Mystery Solved: Desmanthus illinoensis

Back in September I found a very strange looking seed bundle:

Desmanthus illinoensis seeds
Desmanthus illinoensis seeds

It formed on a nicely shaped shrub with really attractive leaves. I took a couple of the seeds home and put them into a pot. They sprouted last week but I still had no idea what they were.

The leaves placed it somewhere in the pea family — but — the pea family is huge. I wasn’t even going to go there. haha Then today I accidentally stumbled onto its identity. It is one of the mimosas. This one has white puff ball flowers. The leaves do that nice trick of closing if you touch them.

Some of its common names: bundleflower, prickleweed, prairie mimosa.

The Lady Bird WIldflower site says they are quite uncommon in the Edwards Plateau but frequent in North Central Texas. They don’t like compacted clay or coarse sands.

Here’s a neat bit of synchronicity. I, once again, am overcome with poison ivy welts. Go ahead, laugh. My husband says it is my own fault for doing that weird thing called “going outside.” The worst of it started to clear up and then mysteriously spread to my left eye this morning. I look like a boxer losing the match.

The good news: today I learned the “Pawnees used leaf tea as wash for itching. Hopi used seeds placed in eye for conjunctivitis.”

The seeds are nutritious AND as a member of the pea family it fixes nitrogen into the soil.

But most important for my self-centred concern: maybe the universe is actually showing some freaking compassion for my poor eye. =)

I don’t think I will stick a seed into my eye but I am definitely going to try the leaf tea …


12 thoughts on “Mystery Solved: Desmanthus illinoensis

  1. OK I read your last two posts in backwards order, so I’m getting to your original announcement of the ivy plague after already wishing you a speedy recovery which feels a little clumsy. That seed pod is a real beauty and I’m happy-happy the tisane has been helping you as your survive your poison ivy exposure.

    Just a note about “not being allergic” to poison ivy. I thought I wasn’t allergic but apparently that isn’t ever true. Everybody becomes reactive after enough exposures – it is merely a matter of time (and dosage). The only way to approach poison ivy is with a thick layer of something between you and the plant, and it should never be burned, as the toxins will travel in the smoke and can significantly irritate airways. That vine is pure misery!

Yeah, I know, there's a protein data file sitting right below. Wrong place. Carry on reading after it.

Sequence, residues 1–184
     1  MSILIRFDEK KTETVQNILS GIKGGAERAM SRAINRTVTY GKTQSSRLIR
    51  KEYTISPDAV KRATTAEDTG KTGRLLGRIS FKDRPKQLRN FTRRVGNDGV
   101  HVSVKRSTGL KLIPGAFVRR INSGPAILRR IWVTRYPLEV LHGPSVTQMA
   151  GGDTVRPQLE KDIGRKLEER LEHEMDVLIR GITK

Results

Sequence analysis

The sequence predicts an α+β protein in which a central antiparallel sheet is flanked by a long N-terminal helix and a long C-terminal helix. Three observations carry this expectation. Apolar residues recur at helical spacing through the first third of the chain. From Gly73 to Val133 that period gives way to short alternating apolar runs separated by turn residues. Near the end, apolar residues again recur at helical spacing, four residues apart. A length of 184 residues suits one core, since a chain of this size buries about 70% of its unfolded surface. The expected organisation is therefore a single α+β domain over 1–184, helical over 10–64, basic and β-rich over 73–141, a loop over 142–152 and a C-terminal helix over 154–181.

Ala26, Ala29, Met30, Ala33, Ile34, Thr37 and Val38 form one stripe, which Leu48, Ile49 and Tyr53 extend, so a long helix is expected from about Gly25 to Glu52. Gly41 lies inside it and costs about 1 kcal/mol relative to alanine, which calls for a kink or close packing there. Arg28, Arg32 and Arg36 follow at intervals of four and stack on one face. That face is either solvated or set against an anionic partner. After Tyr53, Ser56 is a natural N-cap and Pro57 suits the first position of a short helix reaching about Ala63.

1. I had heard that too about people eventually losing their tolerance — that it is a matter of time and exposure. I am sooo paranoid, too. I am pretty sure this latest must have come from accidentally contacting roots underground so I guess I haven’t been paranoid enough. Time to ALWAYS wear gloves. It is so perfectly adapted to Austin too. Does really well in disturbed part shade. If only there were a medical use or something.


  2. Your seed pod photo is beautiful, I think I would of planted a few seeds too. We do not have poison ivy over here, it sounds awful, I hope the tea works.


  3. I love the seed case of Desmanthus.As a sort of Mimosa and a member of the Pea family is that Fabaceae or Leguminosae or (Le’ go mi nosy) as I always see it?
    And poison ivy, how exotic. It must be painful I imagine, is it like nettle sting or worse than that? I see your outside is a dangerous place. But we do have nettles. And hornets in the summer house. So we are a tiny bit dangerous. But not very.
    Good luck with the leaf tea.


    1. I think Fabaceae though some people are looking at using this plant for human feed as it were. The seed contains 38% protein which compares with soy. Thanks for the good wishes, Chloris. =)


  4. “…that weird thing called “going outside.”” I like that expression. Does he refuse to venture out?

    Too bad about the poison ivy. I am lucky to not be bothered by it. Or, I am lucky to never get into it badly. Good luck with the eye wash.


    1. He is adorable but very much an indoor cat/person. Every morning you ought to give praise to the universe for not being plagued with a poison ivy allergy. You are VERY lucky.

      Liked by 1 person

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